McLaren boss Martin Whitmarsh says his team is gunning for victory in the Monaco Grand Prix despite the impressive speed of rival Red Bull Racing in Barcelona.
With Mark Webber having dominated the Spanish Grand Prix last weekend, Red Bull arrive in Monte Carlo as the hot favorite for victory, especially given its qualifying pace on a track where grid position is vital. Whitmarsh, however, believes his drivers' performance in recent races has been encouraging despite Red Bull's pace and he reckons McLaren will be up for a fight in Monaco.
He adds that he would welcome a dry race, despite that meaning Red Bull's advantage is likely to be bigger.
"If you ask drivers, they'd rather have a dry Monaco," said Whitmarsh. "I think it's a very tight and scary place without the rain. I think our drivers are both very good in the wet, though. Their performance relative to the awesome speed of the Red Bulls has been pretty good, so I fancy our chances actually.
"I think Monaco is a unique circuit. Red Bull may have had impressive qualifying pace in Spain, but we got a bit closer in the race, and we have two drivers who are super and McLaren has won Monaco 15 times – many more times than any other team. And we're trying to make it 16, wet or dry or a combination."
Whitmarsh insisted splitting the drivers into two groups would have been his preferred choice for qualifying, as he reckons everybody will face a hard time trying to get a clean lap.
"I think Q1 in Monaco will be very, very difficult and it's difficult for all of the cars," he said. "At the moment, we have to accept that there are six cars that are very difficult to avoid.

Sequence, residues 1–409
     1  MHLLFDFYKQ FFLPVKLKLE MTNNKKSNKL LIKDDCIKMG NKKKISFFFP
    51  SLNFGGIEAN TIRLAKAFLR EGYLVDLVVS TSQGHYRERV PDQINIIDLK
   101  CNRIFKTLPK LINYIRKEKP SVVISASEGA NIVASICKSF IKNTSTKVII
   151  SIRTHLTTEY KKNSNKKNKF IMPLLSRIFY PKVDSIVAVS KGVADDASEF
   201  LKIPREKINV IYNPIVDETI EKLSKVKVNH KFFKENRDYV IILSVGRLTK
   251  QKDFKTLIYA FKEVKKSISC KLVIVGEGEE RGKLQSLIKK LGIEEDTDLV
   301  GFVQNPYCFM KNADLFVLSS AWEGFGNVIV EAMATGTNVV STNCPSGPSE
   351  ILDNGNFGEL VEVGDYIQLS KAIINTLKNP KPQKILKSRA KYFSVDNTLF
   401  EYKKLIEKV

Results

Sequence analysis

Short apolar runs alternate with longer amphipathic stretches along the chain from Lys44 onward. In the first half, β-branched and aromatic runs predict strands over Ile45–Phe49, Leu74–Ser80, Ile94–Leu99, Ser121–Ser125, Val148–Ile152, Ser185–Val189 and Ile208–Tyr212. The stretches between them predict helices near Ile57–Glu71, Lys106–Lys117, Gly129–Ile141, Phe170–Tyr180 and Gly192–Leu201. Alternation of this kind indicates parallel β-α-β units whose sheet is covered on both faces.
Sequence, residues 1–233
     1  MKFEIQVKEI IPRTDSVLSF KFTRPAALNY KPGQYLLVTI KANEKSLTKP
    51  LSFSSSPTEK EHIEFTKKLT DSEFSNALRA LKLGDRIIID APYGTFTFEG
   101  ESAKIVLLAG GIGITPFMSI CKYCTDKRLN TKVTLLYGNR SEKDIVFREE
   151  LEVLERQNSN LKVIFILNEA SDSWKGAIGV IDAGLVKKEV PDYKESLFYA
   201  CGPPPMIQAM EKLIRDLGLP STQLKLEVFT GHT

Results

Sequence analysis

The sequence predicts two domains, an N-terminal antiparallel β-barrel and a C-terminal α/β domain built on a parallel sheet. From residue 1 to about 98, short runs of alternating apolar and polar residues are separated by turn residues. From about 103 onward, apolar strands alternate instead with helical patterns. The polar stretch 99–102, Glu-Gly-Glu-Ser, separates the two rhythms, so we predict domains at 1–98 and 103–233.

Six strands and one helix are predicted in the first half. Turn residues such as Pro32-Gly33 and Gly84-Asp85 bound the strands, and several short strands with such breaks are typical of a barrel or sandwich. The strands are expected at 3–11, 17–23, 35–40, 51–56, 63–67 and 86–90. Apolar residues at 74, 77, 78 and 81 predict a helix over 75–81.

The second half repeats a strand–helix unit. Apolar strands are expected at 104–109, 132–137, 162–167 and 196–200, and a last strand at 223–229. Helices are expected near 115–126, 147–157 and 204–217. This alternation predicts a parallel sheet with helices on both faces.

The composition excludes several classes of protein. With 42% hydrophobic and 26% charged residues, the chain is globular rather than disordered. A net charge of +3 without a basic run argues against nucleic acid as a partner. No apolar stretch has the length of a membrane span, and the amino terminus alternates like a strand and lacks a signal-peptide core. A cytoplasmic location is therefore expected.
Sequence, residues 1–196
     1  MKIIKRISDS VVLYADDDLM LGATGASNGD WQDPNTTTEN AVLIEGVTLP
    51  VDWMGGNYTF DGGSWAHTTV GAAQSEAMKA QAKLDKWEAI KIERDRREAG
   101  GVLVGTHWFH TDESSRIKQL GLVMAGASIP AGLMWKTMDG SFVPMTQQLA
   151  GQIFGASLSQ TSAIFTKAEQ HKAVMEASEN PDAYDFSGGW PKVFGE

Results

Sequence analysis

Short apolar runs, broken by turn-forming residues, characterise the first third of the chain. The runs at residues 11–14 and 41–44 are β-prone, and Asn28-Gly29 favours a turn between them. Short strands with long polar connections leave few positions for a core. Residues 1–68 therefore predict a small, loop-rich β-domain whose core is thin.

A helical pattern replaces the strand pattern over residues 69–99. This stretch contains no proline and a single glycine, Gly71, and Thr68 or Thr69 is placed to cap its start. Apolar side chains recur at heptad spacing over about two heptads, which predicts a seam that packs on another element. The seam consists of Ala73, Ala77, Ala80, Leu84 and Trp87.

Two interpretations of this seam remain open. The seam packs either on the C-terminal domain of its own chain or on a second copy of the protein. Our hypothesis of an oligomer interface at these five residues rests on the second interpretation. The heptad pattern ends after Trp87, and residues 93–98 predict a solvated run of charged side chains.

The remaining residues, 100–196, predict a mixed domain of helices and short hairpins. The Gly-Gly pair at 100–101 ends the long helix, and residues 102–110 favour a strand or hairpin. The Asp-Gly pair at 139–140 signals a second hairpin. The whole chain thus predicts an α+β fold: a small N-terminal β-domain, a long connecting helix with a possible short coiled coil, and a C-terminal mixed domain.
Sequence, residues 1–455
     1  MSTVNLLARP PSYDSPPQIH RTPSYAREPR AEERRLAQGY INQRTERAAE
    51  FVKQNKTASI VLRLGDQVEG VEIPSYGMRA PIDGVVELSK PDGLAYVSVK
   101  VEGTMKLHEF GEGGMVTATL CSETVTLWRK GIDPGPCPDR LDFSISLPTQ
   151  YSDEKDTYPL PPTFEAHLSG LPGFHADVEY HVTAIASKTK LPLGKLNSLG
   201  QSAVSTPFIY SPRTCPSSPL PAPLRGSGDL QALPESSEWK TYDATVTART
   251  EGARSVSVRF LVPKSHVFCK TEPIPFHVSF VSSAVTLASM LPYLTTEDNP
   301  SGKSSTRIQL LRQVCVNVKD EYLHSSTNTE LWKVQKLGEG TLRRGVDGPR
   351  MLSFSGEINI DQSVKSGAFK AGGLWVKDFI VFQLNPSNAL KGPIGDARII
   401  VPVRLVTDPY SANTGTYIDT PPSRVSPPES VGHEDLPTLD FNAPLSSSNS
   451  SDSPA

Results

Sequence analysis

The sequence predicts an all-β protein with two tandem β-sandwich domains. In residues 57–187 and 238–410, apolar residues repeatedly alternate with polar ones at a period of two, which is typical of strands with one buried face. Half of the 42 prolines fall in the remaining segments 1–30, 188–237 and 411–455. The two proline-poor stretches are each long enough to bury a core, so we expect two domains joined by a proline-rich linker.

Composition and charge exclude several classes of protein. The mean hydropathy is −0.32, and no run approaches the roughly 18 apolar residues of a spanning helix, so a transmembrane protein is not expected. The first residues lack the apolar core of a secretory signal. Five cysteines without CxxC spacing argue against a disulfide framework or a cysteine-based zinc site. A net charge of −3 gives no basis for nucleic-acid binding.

"They have been in the order of six to seven seconds slower and, when you're trying to open a gap, you have cars behind you so you can't back off, and it's a circuit where you're going to catch cars and a circuit at which it's very difficult for those cars to get out of the way, even if they want to.
"I think it's very difficult. By choice, I'd advocate that we divided it up somehow, either by splitting the field in half so you reduce the number of cars and don't have to manage the space quite so much on such a small track, or you have a session if you thought, perhaps unkindly, that the six slower cars were going to fight it out among themselves, that they have the first five minutes to themselves, decided on order of merit, before the rest of the cars get onto the track.
"It's always been difficult, but with more cars and a greater performance differential, there will be controversy. There are some, and I'm not one of them, who think that controversy and stewards' hearings after the event are entertaining. I don't share that view, but it's what some people believe."